‘In every other context, Harvard embraces the idea. ... Faced on the stand with such an accusation itself, however, the college declares the concept ludicrous.’
From “Harvard Admits Its Preferences” by Heather Mac Donald in the New Criterion’s November issue:
On September 30, a federal district court judge in Boston upheld Harvard’s use of racial preferences in undergraduate admissions against the challenge that they discriminate against Asian-Americans. ... Asian applicants receive lower personal ratings than whites with otherwise similar rankings. ...
This personal ratings debate ultimately proved a sideshow. But it did provide one of the more hilarious instances of Harvard’s hypocrisy, in a trial filled with such hypocrisy. [Students for Fair Admissions, the plaintiff] had suggested that perhaps Harvard was implicitly (i.e., unconsciously) biased against Asians, whatever its conscious intent. Harvard professed to be outraged at such a suggestion. SFFA “makes the extraordinary suggestion that Harvard must prove it ‘has uniquely escaped [the] infiltration’ of societal prejudice,” Harvard wrote in its final brief. To invoke the specter of implicit bias simply demonstrates that SFFA lacks all evidence for bias, the righteous defendant sniffed.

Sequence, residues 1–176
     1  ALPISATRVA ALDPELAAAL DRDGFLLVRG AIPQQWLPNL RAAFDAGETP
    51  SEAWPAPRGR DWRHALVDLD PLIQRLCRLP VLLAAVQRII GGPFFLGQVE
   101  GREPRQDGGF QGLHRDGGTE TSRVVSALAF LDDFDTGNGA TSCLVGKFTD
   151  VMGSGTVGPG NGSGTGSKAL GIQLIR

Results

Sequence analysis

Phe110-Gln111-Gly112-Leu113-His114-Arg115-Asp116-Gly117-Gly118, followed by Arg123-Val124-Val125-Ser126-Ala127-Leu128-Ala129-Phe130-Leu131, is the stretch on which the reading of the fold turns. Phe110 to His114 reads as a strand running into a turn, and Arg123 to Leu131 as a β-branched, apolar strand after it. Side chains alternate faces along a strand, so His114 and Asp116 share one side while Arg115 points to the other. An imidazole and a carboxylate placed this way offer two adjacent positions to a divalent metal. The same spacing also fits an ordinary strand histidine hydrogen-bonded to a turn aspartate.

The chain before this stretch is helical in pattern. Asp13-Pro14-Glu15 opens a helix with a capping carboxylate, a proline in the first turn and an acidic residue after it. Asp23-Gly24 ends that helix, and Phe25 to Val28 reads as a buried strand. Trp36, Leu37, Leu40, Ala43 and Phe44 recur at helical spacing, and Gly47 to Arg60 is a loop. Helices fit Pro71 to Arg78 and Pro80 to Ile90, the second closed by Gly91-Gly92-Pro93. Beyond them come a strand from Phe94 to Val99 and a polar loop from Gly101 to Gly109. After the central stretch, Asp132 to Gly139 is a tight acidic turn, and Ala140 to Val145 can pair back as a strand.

Harvard’s contempt for the implicit bias concept was rich, to say the least. Harvard hosts the Project Implicit website, which offers free computer tests of the test-taker’s implicit biases against people of color and other allegedly disfavored groups. One of the two developers of that test, known as the Implicit Association Test, Mahzarin Banaji, is a professor of social ethics in Harvard’s psychology department; Banaji consults with corporations and governments around the country, teaching them how to overcome their employees’ deep-seated prejudices. In every other context, Harvard embraces the idea animating Project Implicit: that nearly all members of our bigoted society are infected by unconscious bias. Faced on the stand with such an accusation itself, however, the college declares the concept ludicrous.
This piece originally appeared in The Wall Street Journal (paywall)
Heather Mac Donald is the Thomas W. Smith fellow at the Manhattan Institute, contributing editor at City Journal, and the author of the bestselling War on Cops and The Diversity Delusion. Follow her on Twitter here.
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